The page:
Designed by homeowners dedicated to reducing their impact on the planet, this small, five-year-old all-native front yard uses a successful mix of clay-tolerant species to attract an abundance of wildlife. Also of note is a permeable driveway, solar-powered water feature, and vintage Chinese doors leading to an arbor covered by native grapes.
They killed their lawn! This three-year-old, owner-designed, 1,250 sq. ft. front yard is now a thriving wildlife habitat and gathering place for family and entertaining—and a showcase for colorful, fragrant native flora, water conservation, and energy and waste reduction. A chain-link fence covered entirely with native morning glory (Calystegia macrostegia ‘Anacapa Pink’) is not to be missed.
This large, cottage-style front yard showcases natives that can thrive in several different microclimates. Planted in 2011, this landscape conserves water, provides year-round color, attracts butterflies and birds, and requires little maintenance. A large porch features a lovely collection of native container plants, including several bulbs.
Homeowner designed with assistance from Eco-Landscape and FormLA.
This sloping three-year-old, 2,500 sq. ft. front yard feautures an eclectic mix of California native and edible plants watered by drip irrigation. Goals of this garden include saving water, growing edibles for the homeowners, and attracting birds and butterflies.
Design: Francesca Corra — Dirt Diva Designs.
A once weedy, neglected city lot was transformed without the use of chemicals into a bird sanctuary and neighborhood park. This narrow, 6,000 sq. ft. public garden was completed through the Studio City Beautification Association in 2012. Planted primarily with California native plants that look good year-round, this garden includes a gabion wall, numerous birdhomes, and a bird bath supplied continually with fresh water.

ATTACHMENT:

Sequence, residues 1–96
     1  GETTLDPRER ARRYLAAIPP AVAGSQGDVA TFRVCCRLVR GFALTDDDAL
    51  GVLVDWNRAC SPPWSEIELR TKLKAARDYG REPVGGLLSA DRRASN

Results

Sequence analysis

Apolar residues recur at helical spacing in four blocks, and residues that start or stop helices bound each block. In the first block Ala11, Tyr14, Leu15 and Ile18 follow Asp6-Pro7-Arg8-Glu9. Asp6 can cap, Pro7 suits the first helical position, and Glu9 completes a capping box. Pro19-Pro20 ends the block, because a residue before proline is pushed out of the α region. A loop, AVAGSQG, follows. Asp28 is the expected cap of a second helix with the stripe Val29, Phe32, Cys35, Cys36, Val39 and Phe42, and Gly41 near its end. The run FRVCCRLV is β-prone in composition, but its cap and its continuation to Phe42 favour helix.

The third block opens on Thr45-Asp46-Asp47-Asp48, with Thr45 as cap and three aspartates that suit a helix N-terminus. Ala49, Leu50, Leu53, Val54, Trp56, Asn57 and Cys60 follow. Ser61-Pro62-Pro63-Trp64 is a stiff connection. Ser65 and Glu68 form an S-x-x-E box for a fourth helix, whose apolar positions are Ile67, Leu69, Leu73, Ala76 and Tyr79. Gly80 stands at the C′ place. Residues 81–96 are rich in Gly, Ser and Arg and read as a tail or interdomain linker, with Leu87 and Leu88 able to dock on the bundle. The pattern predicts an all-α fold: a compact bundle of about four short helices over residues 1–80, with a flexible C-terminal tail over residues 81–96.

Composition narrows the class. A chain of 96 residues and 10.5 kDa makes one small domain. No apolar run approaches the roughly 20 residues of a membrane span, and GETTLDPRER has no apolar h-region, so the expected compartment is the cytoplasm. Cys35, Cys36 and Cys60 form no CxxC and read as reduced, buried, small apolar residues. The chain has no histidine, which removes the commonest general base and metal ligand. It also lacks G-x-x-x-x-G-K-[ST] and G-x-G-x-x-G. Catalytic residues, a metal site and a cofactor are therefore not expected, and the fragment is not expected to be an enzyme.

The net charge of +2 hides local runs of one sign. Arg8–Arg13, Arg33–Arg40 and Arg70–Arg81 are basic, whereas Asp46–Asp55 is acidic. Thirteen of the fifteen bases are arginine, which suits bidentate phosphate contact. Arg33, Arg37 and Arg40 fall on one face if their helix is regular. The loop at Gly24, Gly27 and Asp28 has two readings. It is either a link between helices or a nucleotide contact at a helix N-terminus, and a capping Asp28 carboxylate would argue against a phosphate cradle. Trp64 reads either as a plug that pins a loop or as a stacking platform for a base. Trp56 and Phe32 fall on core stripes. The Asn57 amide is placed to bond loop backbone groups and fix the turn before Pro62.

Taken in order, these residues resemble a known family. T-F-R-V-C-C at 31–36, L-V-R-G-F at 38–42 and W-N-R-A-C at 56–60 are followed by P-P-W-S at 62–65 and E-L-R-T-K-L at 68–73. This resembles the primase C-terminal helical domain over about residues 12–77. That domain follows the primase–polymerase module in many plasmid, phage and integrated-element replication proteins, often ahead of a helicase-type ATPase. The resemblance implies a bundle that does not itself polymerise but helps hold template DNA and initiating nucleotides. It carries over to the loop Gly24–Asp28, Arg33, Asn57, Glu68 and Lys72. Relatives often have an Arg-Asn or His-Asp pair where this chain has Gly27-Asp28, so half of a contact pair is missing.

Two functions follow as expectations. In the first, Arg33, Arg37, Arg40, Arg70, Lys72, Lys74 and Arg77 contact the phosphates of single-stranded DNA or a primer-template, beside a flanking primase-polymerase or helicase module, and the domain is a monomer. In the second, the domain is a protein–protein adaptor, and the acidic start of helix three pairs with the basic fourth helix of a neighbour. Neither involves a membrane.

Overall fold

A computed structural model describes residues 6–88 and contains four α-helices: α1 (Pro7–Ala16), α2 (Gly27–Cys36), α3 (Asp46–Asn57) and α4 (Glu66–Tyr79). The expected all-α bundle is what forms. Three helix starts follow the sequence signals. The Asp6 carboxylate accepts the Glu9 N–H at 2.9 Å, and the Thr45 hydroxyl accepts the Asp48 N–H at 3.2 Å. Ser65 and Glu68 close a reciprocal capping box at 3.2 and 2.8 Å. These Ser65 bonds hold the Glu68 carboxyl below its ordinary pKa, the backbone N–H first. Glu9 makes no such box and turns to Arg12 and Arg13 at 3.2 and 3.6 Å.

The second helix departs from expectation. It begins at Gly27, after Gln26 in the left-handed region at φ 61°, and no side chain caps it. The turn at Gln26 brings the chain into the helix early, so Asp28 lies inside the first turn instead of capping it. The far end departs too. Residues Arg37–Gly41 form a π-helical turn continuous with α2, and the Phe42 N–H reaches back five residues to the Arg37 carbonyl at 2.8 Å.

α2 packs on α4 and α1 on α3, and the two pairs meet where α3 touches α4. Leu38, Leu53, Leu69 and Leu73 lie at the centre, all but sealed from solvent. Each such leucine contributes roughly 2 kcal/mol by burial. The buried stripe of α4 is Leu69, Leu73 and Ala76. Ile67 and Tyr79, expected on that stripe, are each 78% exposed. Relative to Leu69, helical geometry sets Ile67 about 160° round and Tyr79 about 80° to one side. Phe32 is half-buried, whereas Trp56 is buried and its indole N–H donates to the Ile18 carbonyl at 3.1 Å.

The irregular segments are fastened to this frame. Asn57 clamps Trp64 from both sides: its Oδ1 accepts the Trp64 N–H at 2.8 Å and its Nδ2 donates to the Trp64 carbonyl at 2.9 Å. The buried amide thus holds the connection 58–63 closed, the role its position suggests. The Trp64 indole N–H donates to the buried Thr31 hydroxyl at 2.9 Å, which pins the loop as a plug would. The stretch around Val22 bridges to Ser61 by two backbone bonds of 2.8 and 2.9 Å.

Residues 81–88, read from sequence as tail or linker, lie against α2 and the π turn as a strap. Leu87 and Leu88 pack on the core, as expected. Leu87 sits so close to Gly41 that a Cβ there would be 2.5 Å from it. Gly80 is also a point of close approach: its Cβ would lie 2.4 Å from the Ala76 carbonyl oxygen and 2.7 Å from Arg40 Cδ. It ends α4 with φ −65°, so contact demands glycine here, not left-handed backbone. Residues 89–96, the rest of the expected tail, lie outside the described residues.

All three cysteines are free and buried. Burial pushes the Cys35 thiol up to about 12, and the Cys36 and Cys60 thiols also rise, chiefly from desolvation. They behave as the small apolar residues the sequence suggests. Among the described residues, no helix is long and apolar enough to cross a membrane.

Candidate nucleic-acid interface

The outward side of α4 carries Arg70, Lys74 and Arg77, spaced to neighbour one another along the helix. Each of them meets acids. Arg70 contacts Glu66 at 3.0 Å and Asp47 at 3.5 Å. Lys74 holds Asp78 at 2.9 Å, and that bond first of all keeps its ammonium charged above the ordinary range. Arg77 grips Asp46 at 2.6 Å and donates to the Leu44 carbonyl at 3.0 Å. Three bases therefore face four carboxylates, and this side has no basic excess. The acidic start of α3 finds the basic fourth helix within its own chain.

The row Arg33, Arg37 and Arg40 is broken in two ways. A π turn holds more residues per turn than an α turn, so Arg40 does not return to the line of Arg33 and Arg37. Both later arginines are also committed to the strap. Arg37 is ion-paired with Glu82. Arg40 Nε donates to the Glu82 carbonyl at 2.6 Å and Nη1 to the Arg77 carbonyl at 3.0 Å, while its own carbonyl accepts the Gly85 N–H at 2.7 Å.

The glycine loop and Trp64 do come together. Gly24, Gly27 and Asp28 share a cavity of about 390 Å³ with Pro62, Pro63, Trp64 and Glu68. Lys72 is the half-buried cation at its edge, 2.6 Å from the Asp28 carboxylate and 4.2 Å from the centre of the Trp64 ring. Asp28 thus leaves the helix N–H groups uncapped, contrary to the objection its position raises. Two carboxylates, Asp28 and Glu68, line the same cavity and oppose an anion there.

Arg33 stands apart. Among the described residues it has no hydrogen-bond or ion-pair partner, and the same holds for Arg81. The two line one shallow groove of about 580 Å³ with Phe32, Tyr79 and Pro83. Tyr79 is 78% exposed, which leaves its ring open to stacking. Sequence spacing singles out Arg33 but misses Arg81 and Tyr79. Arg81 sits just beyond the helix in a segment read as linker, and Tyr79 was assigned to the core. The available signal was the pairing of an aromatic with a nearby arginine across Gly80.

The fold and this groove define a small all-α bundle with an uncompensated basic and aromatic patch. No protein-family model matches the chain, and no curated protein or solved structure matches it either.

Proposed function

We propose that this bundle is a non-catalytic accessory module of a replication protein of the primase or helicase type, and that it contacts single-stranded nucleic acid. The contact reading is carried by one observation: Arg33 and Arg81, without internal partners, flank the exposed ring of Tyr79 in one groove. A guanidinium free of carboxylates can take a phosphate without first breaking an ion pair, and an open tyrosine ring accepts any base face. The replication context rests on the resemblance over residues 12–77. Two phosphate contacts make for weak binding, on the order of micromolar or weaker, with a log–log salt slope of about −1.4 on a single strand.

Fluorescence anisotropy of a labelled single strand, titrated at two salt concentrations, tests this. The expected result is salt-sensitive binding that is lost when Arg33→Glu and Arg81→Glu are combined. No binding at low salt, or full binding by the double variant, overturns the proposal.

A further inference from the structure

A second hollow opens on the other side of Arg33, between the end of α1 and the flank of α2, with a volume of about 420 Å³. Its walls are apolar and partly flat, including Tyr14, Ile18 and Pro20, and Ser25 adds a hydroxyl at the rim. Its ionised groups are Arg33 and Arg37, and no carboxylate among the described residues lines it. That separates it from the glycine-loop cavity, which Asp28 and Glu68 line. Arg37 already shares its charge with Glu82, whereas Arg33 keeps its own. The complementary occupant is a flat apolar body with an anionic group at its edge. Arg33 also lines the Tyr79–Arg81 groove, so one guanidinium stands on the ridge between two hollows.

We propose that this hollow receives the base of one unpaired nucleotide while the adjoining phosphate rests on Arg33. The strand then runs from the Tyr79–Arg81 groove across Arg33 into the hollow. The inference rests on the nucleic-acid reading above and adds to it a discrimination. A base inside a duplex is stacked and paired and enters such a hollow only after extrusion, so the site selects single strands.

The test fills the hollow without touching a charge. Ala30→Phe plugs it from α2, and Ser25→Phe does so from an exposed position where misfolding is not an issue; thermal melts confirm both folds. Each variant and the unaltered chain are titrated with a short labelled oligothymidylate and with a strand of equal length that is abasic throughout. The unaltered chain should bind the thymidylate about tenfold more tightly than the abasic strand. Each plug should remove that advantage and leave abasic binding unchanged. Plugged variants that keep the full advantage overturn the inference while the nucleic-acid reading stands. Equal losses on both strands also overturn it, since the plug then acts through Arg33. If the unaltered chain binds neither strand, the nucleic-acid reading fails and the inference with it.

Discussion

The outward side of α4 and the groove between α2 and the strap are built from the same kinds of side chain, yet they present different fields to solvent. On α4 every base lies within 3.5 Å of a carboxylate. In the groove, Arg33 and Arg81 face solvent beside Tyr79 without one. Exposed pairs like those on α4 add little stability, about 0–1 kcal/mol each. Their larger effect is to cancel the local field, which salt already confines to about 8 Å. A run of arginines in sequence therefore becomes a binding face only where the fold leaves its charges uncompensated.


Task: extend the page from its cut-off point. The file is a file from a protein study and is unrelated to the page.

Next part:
Design: Francesca Corra—Dirt Diva Designs.
Planted in 2011, this 3,300 sq. ft. front and side yard combines natural chaparral and woodland plantings with a dry creek bed and native grass meadow that embodies an authentic sense of place amidst the surrounding hillsides of the San Fernando Valley. The garden attracts numerous butterflies, lizards, birds, and beneficial insects. The permeable front walk and driveway were created by re-using on-site materials.
Design: Gardenscapes By Jill
Spanning two adjacent properties, these native landscapes were planted in 2009 and demonstrate a palette of clay-tolerant plants that can handle extreme San Fernando Valley sun and heat. Water conservation, neighborhood beautification, and year-round color were goals of the homeowners/designers, who water their natives by hand.